But the fact is,
I get to ease back into regular life gradually.
Fr Brian King, a priest whose approach to ars celebrandi is of an exemplary, elegant reverence had the Mass.
And, since it was a Memorial, he led us, (as I believe is his custom on all days out of
And on the drive home it was nice to have access to my wonted radio station, Jesus, Prince of Peace Catholic Radio.
And there was an interesting program on, which prompted me to suggest a ministry in which Himself might be interested.
Good enough, so far....
And then a musical "bumper" came on.
Now, I'm used to this, I know that the taste of the station manager, or whomever selects this stuff is different from mine.
Not a problem.
If light rock, or what I call sacro-pop, (or sacchro-pop, when I'm in a bad mood,) is your cup of tea, if it brings you closer to Jesus, great. This is the perfect place for it.
Devotional music can properly have a much greater range of style and affect than liturgical music.
There is one song that makes me want to put a gun to my head, children shout-singing, (as gratingly as the "one eight seven seven cars for kids" torture-jingle on the news station to which we used to listen,) but the words, at least those i can discern, are unimpeachable, "we fall down, we get up."
So this isn't about likes and dislikes, this is about WORDS THAT ARE FALSE.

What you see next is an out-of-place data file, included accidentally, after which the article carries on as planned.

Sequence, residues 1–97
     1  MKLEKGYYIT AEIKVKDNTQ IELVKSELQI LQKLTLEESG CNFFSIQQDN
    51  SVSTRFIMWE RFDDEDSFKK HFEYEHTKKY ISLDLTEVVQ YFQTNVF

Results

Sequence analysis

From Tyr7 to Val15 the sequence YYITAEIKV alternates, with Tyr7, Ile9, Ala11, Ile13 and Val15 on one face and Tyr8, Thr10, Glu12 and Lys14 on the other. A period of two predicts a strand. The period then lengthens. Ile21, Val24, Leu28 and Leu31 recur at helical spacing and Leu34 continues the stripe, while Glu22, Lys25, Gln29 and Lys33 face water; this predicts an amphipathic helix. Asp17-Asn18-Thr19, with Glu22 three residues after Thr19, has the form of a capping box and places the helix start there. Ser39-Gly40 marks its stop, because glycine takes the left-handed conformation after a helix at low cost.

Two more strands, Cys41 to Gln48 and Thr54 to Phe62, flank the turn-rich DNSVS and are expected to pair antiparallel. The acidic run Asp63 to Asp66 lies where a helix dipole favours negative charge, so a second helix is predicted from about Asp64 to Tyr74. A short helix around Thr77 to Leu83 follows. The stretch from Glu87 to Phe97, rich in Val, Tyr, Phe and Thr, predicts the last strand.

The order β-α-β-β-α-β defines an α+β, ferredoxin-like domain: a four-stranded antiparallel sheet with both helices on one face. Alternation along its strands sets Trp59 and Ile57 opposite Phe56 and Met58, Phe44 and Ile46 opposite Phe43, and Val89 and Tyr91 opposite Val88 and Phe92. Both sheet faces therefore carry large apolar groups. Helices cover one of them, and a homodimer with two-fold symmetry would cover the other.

Okay? It is about a Catholic Christian radio station promulgating untruths. It is probably just sloppy theology rather than the heresy for which some seem always to be on the look-out, or actually a figurative way of expressing a WarmFuzzy, but it needs to be addressed.
In a song which the mighty interwebs inform me is the work of a protestant "pastor" of some sort, we hear, over and over again, that "when we are weak, He becomes stronger."
When we are weak, He doesn't "become" anything, much less stronger. He is, surely whatever denomination you are teaches this, He is ALMIGHTY.
Already, before you are or are not weak, He is already, and more importantly, UNCHANGINGLY almighty.
God does not change, He does not evolve, He does not become other to suit you or your needs.
His presence might become stronger in you as you change, your perception of Him might change, and that's probably what you meant, but He does not.
So stop saying it.
This is, I think, the natural result of an unfortunate way of presenting a truth, which has lead to a widespread false notion.
We are wont to speak, much more than in previous times, of relationship.
Pope Emeritus Benedict, (happy name day, PapaRatz!) in his magisterial, (in both senses of the word!) Deus est caritas, tells us that "being Christian is not the result of an ethical choice or a lofty idea, but the encounter with .. a person," Jesus Christ.
And in the CCC, "[The mystery of Faith] requires that the faithful... from it in a vital and personal relationship with the living and true God."
So yes, we must have a relationship with Him.
But it is human to understand "relationship" to mean give and take, to mean, if a relationship is "good," that both parties to the relationship are improved by it, become better people, in a word, change.
And that's not how it is with Him, and we think that is is, sing that it is, to our peril.